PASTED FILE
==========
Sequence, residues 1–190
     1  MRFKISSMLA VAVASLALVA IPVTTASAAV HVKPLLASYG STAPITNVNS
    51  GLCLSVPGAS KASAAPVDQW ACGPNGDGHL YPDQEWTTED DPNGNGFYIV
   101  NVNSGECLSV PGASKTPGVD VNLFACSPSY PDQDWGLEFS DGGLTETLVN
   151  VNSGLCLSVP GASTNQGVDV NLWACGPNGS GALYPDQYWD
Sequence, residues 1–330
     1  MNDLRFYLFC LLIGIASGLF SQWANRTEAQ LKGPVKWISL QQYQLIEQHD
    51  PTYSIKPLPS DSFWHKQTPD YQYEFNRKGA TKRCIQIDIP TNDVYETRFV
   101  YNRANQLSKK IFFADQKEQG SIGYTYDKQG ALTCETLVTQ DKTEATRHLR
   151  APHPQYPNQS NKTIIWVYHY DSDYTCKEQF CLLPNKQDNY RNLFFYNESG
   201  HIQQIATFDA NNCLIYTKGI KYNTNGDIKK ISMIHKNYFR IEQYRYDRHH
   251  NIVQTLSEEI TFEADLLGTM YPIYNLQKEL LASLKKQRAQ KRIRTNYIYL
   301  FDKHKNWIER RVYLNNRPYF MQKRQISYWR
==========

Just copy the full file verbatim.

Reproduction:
Sequence, residues 1–190
     1  MRFKISSMLA VAVASLALVA IPVTTASAAV HVKPLLASYG STAPITNVNS
    51  GLCLSVPGAS KASAAPVDQW ACGPNGDGHL YPDQEWTTED DPNGNGFYIV
   101  NVNSGECLSV PGASKTPGVD VNLFACSPSY PDQDWGLEFS DGGLTETLVN
   151  VNSGLCLSVP GASTNQGVDV NLWACGPNGS GALYPDQYWD
Sequence, residues 1–330
     1  MNDLRFYLFC LLIGIASGLF SQWANRTEAQ LKGPVKWISL QQYQLIEQHD
    51  PTYSIKPLPS DSFWHKQTPD YQYEFNRKGA TKRCIQIDIP TNDVYETRFV
   101  YNRANQLSKK IFFADQKEQG SIGYTYDKQG ALTCETLVTQ DKTEATRHLR
   151  APHPQYPNQS NKTIIWVYHY DSDYTCKEQF CLLPNKQDNY RNLFFYNESG
   201  HIQQIATFDA NNCLIYTKGI KYNTNGDIKK ISMIHKNYFR IEQYRYDRHH
   251  NIVQTLSEEI TFEADLLGTM YPIYNLQKEL LASLKKQRAQ KRIRTNYIYL
   301  FDKHKNWIER RVYLNNRPYF MQKRQISYWR